A continuous low flow of water is drawn in the housing 12 by a vacuum. The continuous low flow of water is directed through the microfluidic manifold assembly 18 and then into the water sample storage capillary 24. While passing through the microfluidic manifold assembly 18, the water being sampled flows past the array of water condition sensors 22. For example these water condition sensors 22 may be ISFET sensitive to pH or to the presence of chloride ions, K+ ions and NO3 ions in the water. In general, the water condition sensors 22 contact with the water flow being analyzed and could be based on optical, acoustic, electric, or magnetic field transmission through the water or a substrate exposed to the water being sampled. Alternatively, biologically selective sensors may be employed. One example of a biologically selective sensor is a surface acoustic wave resonator whose face is sensitized with antigens or DNA fragments from cryptosporidia.
In the preferred embodiment, the microfluidic manifold assembly 18 is made of a sandwich of rubber between either acrylic or glass. Alternatively, the microfluidic manifold assembly 18 may be etched directly into the acrylic or glass. The transparency of either acrylic or glass may be utilized to monitor the turbidity of the water by light transmission through the water sample itself. The microfluidic manifold assembly 18 generally serves as a mounting plate for the array of water condition sensors 22 and an adapter fitting to the water sample storage capillaries 24.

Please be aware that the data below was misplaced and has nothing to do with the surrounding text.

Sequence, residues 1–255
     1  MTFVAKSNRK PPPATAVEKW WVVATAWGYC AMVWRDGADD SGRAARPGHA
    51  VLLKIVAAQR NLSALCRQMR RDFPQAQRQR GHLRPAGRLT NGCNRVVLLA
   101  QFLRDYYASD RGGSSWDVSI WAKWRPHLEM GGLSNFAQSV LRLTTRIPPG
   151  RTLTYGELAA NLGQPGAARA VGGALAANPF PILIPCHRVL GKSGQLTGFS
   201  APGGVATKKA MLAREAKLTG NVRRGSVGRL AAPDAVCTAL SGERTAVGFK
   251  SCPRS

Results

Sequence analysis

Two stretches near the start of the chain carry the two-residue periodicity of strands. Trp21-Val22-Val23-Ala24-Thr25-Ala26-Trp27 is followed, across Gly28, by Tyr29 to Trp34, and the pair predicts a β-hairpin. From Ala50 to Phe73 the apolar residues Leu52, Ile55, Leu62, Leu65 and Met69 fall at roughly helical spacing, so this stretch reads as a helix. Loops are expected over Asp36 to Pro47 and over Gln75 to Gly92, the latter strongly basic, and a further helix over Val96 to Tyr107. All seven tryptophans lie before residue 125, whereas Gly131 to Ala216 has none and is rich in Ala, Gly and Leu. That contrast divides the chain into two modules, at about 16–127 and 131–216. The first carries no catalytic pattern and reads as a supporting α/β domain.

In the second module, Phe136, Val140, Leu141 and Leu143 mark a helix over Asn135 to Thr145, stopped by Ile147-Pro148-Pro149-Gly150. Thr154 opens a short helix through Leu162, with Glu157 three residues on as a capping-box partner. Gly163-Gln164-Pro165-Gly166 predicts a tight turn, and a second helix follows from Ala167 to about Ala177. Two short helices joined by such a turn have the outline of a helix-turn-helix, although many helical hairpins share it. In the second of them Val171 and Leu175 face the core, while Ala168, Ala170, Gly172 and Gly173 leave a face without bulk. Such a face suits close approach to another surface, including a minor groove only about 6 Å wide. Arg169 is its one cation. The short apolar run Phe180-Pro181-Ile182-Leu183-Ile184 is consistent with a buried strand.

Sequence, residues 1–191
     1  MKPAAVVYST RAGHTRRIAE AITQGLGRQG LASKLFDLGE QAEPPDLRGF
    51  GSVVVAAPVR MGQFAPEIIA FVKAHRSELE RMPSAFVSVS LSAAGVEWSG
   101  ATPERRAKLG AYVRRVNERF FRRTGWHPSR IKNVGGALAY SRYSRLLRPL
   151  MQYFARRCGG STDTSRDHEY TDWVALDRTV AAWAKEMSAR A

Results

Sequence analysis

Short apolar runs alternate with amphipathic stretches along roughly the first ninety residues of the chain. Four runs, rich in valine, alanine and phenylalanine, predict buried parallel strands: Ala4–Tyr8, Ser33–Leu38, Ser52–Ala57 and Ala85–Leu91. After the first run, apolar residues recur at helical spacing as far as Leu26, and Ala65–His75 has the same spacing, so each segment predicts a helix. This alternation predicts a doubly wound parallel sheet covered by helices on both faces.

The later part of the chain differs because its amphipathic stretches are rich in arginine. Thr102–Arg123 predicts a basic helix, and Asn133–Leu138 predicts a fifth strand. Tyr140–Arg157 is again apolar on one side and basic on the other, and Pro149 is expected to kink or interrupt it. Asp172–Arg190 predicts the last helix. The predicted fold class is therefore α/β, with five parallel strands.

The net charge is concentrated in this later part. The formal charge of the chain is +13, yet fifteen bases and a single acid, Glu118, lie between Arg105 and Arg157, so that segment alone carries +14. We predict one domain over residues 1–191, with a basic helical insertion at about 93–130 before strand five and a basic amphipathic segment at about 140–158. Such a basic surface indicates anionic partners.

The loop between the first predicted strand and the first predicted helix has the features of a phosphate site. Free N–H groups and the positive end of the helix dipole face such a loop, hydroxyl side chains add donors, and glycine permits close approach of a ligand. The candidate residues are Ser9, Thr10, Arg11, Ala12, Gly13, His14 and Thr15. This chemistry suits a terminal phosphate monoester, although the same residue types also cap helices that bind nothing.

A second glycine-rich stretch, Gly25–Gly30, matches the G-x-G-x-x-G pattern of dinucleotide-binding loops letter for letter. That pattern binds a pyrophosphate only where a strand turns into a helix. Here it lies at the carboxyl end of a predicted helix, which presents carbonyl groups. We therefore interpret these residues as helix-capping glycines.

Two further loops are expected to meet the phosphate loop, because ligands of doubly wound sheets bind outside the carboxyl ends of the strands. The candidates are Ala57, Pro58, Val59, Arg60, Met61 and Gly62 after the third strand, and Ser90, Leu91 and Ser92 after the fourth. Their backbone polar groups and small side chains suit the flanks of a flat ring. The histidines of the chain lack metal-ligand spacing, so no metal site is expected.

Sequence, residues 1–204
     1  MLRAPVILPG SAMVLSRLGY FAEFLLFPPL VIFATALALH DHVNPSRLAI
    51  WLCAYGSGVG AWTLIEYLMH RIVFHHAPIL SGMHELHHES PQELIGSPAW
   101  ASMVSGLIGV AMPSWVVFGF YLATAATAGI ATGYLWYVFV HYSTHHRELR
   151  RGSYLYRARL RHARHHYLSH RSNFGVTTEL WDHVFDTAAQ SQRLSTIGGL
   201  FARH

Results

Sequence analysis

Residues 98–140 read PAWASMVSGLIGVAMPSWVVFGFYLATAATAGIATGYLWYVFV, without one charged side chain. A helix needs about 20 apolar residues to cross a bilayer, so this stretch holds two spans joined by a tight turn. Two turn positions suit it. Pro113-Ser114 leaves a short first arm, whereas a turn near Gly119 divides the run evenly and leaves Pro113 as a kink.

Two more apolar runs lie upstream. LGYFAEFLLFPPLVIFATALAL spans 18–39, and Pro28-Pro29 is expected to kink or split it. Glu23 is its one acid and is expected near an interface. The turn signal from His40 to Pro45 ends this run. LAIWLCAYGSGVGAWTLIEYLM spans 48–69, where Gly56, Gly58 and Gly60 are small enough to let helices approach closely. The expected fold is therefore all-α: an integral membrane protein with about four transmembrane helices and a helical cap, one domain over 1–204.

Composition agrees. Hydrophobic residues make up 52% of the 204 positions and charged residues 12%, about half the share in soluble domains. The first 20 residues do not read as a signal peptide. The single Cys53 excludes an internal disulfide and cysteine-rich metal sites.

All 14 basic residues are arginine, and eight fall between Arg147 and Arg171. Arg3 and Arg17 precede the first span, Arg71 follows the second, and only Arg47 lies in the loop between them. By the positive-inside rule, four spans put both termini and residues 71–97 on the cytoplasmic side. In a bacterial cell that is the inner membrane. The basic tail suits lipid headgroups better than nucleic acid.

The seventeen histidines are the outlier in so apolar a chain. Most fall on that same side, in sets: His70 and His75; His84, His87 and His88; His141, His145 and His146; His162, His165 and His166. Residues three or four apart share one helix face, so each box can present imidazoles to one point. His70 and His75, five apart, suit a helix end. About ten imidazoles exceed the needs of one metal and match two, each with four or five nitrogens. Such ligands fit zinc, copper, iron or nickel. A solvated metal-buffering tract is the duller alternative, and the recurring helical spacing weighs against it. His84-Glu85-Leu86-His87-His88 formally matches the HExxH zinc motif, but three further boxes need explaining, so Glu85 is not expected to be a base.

The electronic outputs from the array of water condition sensors 22 are digitized and calibrated under the control of a low-power microprocessor assembly 26 powered by onboard batteries 28. The low-power microprocessor assembly 26 is also utilized to collect water temperature readings from a thermometer 27 and pressure readings from a pressure sensor 29 (which are examples of physical parameters not maintained by storage in the capillary). The low-power microprocessor assembly 26 also controls a subsystem which directs the injection of a visible marker and reference solution through a valve 30 into the water sample being analyzed. The opening of the valve 30 enables a pressurized volume of the marker and reference solution to flow from the pressurized volume of reference liquid 20 into the water sample at periodic time intervals. Alternatively, a visible marker and reference solution may be injected in the water sample whenever a predetermined signal level from one or more of the array of water quality sensors 22 has been exceeded. If desired, the microprocessor assembly 26 may be used to control a valve similar to valve 30 located at the inlet 14 of the housing 12 to allow water into the housing 12 at either predetermined times or on the occurrence of a signal event.